Be positive! The world is a constant duality of good and bad aspects of everything. Always choose to see the positive elements of every situation! You have the choice to look at things as opportunities, no matter how hard they are, it means people will learn new things in the process. Doing that is key to developing an inspirational communication style that motivates your followers and allows them to ease their uncertainties.

Remember that on the other side of all communication media, there are people. Demonstrate consideration and understand that everyone has feelings and personal lives, ambitions and dreams. It never hurts to acknowledge their achievements or ideas to improve work quality. Remember to compliment others when they do outstanding work, and teach them the lessons you’ve learnt to become a technological leader. They might want that too.

The most important concept here is: Be real! You are not a technological machine. When you act genuinely, you will perform accordingly: People first, then comes technology.

The fourth pillar: Vision

The last, but not least important pillar for a great technical leader is vision. It is expected from you to understand the direction that the company is going in the short and long-term (5+ years). This pillar is only possible when you accomplish all the previous steps to become a great technical leader.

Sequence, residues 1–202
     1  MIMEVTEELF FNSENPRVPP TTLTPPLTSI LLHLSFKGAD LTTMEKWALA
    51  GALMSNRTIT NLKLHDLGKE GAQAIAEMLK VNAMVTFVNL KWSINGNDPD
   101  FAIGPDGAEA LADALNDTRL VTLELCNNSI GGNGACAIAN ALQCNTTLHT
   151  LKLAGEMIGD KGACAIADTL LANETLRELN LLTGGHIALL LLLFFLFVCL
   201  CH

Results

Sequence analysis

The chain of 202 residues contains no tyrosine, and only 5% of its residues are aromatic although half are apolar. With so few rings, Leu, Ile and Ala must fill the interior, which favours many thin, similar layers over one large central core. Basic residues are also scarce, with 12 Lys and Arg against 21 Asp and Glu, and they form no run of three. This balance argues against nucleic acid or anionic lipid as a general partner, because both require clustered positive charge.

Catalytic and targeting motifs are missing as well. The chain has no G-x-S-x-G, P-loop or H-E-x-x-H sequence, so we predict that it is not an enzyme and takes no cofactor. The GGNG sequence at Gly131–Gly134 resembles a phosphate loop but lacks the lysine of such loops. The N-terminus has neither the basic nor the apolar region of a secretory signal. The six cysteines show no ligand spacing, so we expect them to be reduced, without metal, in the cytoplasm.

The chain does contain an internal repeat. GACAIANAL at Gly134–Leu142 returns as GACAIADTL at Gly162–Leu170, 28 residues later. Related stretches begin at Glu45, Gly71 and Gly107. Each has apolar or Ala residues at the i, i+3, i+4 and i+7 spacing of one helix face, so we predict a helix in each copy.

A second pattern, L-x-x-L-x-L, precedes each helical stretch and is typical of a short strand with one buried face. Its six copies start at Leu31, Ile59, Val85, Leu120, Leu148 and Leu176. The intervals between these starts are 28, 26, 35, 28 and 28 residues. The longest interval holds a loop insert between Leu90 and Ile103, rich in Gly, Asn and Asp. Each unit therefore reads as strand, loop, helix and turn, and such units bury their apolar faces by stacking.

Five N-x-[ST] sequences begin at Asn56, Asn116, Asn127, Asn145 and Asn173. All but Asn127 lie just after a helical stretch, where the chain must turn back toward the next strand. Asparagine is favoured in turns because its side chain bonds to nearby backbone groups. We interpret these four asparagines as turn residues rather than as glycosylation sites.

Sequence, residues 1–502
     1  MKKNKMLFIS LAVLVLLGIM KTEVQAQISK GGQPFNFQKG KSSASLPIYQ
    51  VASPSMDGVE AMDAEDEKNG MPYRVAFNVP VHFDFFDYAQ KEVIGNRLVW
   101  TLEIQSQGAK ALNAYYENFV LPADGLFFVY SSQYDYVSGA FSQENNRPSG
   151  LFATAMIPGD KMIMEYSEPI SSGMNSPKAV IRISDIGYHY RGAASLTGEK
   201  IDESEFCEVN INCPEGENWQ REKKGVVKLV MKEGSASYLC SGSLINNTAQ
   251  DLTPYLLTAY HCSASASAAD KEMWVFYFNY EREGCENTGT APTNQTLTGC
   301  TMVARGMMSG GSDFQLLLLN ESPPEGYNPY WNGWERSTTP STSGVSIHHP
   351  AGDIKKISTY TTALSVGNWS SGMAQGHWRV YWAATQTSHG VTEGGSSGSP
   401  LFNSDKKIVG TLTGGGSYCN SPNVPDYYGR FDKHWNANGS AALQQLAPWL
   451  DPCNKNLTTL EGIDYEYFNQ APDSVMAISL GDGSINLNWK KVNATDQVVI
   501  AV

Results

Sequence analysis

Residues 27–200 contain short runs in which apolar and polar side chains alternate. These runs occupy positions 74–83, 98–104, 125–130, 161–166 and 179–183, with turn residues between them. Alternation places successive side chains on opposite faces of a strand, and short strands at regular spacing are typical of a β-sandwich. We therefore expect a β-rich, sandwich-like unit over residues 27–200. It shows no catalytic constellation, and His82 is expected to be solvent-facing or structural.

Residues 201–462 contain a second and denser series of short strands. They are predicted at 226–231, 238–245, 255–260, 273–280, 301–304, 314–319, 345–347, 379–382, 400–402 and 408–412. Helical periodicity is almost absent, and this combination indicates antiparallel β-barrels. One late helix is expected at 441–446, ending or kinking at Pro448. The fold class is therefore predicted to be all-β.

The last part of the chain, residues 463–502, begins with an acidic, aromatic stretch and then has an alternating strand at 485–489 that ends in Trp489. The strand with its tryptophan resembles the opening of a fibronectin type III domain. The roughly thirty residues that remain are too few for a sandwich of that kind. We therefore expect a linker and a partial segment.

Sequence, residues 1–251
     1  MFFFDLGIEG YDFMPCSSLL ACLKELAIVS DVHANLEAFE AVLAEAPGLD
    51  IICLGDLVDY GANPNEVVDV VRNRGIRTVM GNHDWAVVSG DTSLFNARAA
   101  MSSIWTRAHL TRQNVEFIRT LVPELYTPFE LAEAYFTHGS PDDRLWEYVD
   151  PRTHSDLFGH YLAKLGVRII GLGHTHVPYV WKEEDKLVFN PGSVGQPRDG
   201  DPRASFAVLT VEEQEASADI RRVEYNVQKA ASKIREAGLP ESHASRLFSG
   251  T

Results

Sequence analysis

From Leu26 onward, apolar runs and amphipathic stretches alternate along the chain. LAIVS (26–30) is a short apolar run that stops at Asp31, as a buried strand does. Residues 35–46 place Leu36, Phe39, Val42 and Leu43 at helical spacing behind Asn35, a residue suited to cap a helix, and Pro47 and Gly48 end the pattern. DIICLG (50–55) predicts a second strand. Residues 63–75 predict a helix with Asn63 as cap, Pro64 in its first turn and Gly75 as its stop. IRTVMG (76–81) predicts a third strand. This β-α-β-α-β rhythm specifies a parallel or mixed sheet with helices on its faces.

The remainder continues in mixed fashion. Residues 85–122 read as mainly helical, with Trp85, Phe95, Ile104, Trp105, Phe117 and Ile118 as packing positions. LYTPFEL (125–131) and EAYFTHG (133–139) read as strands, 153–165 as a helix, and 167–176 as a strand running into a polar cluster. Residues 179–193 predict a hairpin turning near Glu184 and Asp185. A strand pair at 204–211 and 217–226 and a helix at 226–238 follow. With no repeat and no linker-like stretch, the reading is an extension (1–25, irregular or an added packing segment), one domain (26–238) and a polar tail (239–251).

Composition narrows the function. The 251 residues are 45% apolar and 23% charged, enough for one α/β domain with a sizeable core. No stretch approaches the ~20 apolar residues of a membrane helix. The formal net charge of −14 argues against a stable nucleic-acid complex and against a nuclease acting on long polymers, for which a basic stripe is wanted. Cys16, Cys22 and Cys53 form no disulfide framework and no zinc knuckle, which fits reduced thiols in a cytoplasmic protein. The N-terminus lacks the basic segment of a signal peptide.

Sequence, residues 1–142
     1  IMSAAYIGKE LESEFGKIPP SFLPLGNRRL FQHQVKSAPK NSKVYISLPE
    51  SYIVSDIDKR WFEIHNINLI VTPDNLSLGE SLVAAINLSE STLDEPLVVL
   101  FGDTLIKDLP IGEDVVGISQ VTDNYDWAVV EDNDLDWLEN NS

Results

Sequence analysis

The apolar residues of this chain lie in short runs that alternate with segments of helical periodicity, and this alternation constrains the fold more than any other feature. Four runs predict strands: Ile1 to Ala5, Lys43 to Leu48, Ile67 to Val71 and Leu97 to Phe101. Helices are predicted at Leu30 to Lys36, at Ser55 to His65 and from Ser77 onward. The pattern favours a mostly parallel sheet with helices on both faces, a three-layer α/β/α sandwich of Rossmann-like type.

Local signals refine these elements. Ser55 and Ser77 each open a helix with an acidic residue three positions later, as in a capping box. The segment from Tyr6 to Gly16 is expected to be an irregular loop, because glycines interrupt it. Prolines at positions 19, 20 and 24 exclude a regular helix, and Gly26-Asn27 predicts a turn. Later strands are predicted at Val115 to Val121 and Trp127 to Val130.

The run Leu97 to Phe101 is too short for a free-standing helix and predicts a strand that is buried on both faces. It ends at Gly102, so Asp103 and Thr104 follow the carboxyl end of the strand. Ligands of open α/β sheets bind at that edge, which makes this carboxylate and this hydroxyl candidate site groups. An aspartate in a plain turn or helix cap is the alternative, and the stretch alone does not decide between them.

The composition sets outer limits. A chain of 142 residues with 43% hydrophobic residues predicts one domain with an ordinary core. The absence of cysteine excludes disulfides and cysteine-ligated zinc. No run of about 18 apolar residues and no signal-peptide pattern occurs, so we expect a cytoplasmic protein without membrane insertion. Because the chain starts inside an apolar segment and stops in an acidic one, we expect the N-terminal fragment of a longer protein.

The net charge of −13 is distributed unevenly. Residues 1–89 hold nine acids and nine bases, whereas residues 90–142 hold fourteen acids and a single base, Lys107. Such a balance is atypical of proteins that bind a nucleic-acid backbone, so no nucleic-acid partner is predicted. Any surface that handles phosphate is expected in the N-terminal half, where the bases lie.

If you don’t have excellent communication with the business leads, you will never understand the company’s strategical direction. If you have poor contact with the developers, either because you lack knowledge or treat them poorly, you won’t have support to execute your projects. This paragraph shows how important it is to build the previous steps before you go into this one, so let’s dive into what we mean by vision.

As we said before, the higher you go into the company’s hierarchy, the more critical the word strategy becomes. An understanding of the long-term plan is the only way you can excel in technical leadership roles. To suggest new features and products, you have to communicate with business leaders, and unless you talk the same language as them, you won’t be able to sell your ideas.

It doesn’t mean that you cannot criticize the strategical plan of the company! Remember you are a technical person, if business leaders make decisions that go against technology’s core principles, you have to express your opinions, so don’t be afraid to do that. Make sure you are polite and build your arguments with analytically profound details. The larger the amount numbers, graphs, and projections, the easier it will be to explain your criticisms.

When you achieve the enlightenment of where the company is going, you become the technical glue. When managers fail to explain the vision, you will be responsible for guaranteeing the tactical execution of projects is going in the right direction, so you must pass on the vision to the technical team. The big picture is essential because it allows us to create a sense of unity and progress, enabling creating a healthy development team culture.

If you want to know more about my work, feel free to check out my LinkedIn profile: